Answer. The first thing to understand is that this war should never have started. It started because there is no longer any capacity for dialogue among world leaders. Brazil condemns it because Russia has no right to invade Ukraine. The Russians are wrong. The rest of us now have a choice: either feed the war or try to end it. I am more interested in talking about ending this war. Nobody is talking about peace, only me, and I’ve met with [world leaders] like Biden [USA], Scholz [Germany], Xi Jinping [China] and Macron [France]. We need to get together and end this conflict, but it can only be done at the negotiating table. That’s what I want to do.
The European Union is an important asset for the entire world, and I think Europe should assume a balanced mediation role. Europe got involved very quickly [in the war]. So it’s important to find leaders who want to talk about peace. China, Mexico, Indonesia... we need to engage countries that are not directly or indirectly involved, as well as those who support Ukraine because they are against the Russian occupation. We have to unite all these countries. Next week I am going to talk to [French President Emmanuel] Macron and other presidents to find a path to peace. There is a battle underway with right-wing extremists – fascism and Nazism are back. We cannot have another war in Europe. Didn’t we learn this lesson from the two world wars? With more peace, the world will be more productive and just. That is what I’m proposing and defending.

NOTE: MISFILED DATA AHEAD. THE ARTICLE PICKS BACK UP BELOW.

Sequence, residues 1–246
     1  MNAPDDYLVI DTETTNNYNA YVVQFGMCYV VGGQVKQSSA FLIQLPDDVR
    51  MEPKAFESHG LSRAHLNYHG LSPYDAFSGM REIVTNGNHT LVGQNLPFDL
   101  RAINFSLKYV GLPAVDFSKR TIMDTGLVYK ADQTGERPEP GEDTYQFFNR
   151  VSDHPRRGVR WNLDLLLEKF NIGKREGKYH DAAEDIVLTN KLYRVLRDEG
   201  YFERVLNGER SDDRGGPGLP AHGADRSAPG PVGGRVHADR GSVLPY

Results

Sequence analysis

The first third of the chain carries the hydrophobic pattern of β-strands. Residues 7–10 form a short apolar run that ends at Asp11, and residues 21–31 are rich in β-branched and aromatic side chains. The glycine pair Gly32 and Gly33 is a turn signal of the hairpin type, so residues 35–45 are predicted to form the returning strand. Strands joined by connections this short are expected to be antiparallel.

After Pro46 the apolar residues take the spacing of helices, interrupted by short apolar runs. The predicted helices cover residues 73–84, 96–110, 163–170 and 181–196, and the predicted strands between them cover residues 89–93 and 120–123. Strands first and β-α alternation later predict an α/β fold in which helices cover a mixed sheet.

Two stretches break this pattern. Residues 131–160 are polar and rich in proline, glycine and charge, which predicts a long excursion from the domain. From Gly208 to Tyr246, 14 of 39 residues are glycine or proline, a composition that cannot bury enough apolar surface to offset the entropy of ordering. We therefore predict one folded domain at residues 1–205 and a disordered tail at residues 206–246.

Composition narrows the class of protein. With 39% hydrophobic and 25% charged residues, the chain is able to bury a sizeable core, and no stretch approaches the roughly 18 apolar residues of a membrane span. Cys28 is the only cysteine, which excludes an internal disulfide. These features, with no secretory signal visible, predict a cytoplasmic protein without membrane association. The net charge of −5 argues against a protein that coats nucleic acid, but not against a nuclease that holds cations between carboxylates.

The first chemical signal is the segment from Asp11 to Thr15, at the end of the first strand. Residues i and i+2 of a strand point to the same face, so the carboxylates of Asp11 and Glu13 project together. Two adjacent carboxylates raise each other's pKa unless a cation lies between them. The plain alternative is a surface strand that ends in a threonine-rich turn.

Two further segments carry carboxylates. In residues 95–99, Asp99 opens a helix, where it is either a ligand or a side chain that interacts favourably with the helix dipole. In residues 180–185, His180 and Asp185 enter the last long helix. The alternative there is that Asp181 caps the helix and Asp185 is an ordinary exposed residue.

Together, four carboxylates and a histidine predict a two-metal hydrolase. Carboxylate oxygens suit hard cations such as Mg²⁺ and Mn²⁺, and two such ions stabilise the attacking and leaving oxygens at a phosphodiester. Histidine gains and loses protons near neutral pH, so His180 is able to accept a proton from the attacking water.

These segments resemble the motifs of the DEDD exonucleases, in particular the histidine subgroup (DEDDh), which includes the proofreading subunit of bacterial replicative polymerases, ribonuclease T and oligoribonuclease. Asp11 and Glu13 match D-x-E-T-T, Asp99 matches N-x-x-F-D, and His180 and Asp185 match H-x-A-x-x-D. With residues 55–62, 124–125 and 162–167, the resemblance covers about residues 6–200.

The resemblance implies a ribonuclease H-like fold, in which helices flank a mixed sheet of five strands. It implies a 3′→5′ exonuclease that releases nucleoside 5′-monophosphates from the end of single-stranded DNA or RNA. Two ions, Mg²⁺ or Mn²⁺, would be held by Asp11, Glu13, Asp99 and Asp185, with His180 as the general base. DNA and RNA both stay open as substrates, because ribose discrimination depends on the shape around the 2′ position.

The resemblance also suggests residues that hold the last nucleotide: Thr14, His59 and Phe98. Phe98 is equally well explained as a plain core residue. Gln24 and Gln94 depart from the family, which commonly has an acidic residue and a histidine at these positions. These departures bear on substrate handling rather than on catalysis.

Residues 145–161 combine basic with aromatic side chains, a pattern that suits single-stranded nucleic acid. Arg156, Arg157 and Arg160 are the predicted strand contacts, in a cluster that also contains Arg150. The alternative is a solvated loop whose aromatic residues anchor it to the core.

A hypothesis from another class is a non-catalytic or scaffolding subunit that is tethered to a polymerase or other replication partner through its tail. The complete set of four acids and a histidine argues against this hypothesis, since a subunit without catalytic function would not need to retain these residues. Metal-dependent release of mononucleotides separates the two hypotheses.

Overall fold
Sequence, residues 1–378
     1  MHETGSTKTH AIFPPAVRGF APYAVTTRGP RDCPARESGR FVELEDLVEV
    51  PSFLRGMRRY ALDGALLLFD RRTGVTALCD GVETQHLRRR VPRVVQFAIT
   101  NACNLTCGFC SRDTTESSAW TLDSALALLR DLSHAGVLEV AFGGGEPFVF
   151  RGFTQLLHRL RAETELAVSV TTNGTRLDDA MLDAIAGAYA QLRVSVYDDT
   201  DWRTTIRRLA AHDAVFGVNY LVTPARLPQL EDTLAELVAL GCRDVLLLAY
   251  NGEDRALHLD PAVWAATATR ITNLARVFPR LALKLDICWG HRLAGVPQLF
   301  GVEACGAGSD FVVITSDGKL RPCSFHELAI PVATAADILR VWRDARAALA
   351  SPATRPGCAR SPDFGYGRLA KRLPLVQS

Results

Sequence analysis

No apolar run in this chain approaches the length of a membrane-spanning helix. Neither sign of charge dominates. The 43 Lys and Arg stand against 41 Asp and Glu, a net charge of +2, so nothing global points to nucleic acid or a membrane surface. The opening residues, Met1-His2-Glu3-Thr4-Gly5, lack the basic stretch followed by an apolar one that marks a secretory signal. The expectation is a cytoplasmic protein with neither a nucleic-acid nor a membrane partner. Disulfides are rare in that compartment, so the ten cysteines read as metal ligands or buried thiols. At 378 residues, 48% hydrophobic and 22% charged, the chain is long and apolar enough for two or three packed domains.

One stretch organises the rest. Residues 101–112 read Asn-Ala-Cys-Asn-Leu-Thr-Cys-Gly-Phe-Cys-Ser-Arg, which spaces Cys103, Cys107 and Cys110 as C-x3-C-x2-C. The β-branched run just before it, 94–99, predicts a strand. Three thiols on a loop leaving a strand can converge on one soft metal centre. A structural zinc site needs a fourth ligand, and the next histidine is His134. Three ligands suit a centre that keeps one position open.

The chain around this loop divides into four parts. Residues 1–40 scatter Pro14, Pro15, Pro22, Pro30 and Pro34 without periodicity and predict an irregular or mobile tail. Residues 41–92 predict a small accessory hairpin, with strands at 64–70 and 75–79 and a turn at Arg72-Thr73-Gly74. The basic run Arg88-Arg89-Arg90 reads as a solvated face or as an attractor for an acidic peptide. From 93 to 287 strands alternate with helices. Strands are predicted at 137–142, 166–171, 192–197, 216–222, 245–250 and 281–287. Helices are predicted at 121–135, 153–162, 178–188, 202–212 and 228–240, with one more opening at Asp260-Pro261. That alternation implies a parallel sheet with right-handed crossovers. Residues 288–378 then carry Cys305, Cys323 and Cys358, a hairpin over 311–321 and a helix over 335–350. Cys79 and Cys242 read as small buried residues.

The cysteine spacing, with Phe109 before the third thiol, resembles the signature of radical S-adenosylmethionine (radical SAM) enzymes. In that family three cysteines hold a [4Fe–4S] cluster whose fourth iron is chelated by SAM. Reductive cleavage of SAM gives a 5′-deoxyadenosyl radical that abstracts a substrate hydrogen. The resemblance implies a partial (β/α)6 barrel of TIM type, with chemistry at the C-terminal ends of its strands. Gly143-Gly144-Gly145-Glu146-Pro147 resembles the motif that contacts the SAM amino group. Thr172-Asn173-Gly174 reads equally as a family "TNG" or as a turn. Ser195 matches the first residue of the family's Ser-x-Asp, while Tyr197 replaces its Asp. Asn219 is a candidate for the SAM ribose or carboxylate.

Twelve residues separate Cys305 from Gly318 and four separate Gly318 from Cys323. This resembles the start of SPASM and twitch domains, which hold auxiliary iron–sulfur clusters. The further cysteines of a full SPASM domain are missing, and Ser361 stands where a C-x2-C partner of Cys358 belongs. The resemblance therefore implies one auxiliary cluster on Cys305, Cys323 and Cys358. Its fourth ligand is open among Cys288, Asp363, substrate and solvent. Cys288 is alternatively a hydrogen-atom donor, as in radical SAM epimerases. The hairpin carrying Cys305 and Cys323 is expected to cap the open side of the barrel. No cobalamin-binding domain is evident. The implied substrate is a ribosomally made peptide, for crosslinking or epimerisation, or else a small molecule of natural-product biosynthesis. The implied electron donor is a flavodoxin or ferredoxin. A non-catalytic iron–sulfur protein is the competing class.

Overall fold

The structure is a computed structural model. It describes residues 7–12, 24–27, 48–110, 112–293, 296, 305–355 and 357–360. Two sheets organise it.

Q. Of course, we all need to strive for peace and stop this war. But in the meantime, do we leave the Ukrainians to fend for themselves while Putin bombs them?